Jillian Leslie (00:17:42) – And I’m all about put it out there, make it rough, test it. See if you get any traction. If not, move on to the next thing. I can’t say this more often to people. It’s not you. It’s that you haven’t found the connection between what you’re offering and what your audience wants to purchase. Let’s get the personal out. This is not a statement about your self worth or that it works for all these other people, but somehow I am unlucky, unlovable, disliked. So it just doesn’t work for me.
Samantha Burmeister (00:18:18) – Um. Yep. Yep, 100%.
Jillian Leslie (00:18:22) – So if you were to think about because you’re like the magic copywriter, tell me words that you go to that you use to get people to take action.
Samantha Burmeister (00:18:33) – You have to make it emotional. We want to believe that. We don’t make emotional decisions and that we’re completely rational and that just doesn’t exist in sales. Every decision is an emotional decision, even if it’s completely. Be practical, right? Like I have my rice and beans to feed my family.
Samantha Burmeister (00:18:53) – It’s still emotional because you care about your family and you’re making a decision based on that, right? So words that I go to, I mean, especially in call to action buttons, are going to be, um. Not saying download now, but it’s going to be like take the first step now, right? Because you’re taking them on a journey. So there’s words that I use over and over are going to be now. But it’s that like how am I tying that now to what they really want. So like planning your dream trip now of like this is the deliverable. That they really want because like I said, nobody wakes up in the morning hoping to get on another email list. Nobody wakes up in the morning hoping to buy another course. They’re not buying your course. They’re not buying your digital product, your checklist or whatever they’re buying what that thing can do for them. So it’s less about the exact words like, I could give you, and you could probably go to my website and download 25 great CTAs, right.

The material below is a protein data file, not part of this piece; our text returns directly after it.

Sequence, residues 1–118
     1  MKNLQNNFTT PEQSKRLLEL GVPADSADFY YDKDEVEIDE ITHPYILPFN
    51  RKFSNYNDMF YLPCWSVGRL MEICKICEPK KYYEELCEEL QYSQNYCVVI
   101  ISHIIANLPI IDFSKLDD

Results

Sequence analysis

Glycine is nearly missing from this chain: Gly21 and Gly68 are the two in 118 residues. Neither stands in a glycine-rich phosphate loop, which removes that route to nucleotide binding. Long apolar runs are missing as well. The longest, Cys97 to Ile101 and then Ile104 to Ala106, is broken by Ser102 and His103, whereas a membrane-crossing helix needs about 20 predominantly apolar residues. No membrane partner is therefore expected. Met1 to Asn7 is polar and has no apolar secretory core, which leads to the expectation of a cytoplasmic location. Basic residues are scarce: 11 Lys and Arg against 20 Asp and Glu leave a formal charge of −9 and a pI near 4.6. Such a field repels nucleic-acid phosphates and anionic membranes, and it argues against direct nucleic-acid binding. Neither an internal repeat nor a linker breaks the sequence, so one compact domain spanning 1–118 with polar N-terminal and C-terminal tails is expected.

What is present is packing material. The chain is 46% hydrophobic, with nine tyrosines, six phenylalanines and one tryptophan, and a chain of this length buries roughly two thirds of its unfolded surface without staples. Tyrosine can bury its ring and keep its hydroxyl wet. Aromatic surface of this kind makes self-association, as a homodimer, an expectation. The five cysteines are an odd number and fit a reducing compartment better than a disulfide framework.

Samantha Burmeister (00:19:53) – But it’s CTAs calls to action. Of course, I could give you those, but it’s really about thinking about the words that stand out to your audience. So we see a lot of take the first step now or plan your trip now or I’m ready to blank. You know, what is what is it that they really want. Because again, they don’t really want your download. They really want the thing that you’re download provides. So then you would say I’m ready for. The trip of my dreams. I’m ready for more recipes. I’m ready for whatever.